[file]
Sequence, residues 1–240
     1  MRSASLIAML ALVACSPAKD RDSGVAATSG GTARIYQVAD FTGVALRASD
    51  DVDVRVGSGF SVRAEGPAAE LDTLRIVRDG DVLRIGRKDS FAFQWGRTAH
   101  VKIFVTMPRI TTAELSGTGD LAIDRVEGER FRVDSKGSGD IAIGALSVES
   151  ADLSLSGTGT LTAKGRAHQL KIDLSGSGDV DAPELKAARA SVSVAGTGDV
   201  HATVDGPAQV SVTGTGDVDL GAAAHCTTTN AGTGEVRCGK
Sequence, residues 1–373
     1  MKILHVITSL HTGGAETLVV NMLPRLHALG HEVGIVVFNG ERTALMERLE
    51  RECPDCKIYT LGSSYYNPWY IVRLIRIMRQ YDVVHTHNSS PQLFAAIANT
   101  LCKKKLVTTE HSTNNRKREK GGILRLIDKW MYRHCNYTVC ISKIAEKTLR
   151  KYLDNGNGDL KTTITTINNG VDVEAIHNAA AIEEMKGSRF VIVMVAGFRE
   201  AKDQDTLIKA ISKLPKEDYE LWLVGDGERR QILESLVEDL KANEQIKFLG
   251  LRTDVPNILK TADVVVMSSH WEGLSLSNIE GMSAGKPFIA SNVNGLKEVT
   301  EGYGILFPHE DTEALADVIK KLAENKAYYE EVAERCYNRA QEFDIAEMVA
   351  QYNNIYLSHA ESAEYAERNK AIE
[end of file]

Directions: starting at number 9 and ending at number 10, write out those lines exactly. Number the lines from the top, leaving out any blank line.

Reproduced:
    51  RECPDCKIYT LGSSYYNPWY IVRLIRIMRQ YDVVHTHNSS PQLFAAIANT
   101  LCKKKLVTTE HSTNNRKREK GGILRLIDKW MYRHCNYTVC ISKIAEKTLR